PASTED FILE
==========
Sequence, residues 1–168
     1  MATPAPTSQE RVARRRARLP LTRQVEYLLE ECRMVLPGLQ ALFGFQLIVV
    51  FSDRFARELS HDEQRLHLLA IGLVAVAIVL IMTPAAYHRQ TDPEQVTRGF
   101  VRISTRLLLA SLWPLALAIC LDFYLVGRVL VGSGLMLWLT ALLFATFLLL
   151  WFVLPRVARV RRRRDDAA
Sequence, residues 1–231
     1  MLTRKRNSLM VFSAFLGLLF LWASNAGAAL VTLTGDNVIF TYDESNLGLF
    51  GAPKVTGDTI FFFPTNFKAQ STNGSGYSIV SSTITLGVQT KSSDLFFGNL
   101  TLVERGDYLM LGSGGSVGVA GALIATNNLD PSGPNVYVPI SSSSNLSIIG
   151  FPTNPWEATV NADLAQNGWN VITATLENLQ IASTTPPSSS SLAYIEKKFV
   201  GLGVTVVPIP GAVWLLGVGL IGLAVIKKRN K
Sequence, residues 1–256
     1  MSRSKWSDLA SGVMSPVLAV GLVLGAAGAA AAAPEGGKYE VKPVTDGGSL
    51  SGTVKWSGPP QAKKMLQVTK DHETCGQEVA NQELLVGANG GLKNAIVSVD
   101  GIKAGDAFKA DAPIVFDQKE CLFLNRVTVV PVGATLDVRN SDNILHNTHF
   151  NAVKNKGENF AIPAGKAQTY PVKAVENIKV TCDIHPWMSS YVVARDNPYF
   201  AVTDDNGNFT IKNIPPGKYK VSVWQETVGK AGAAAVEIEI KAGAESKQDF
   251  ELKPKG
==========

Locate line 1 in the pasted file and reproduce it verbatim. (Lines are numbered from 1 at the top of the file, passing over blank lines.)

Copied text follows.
Sequence, residues 1–168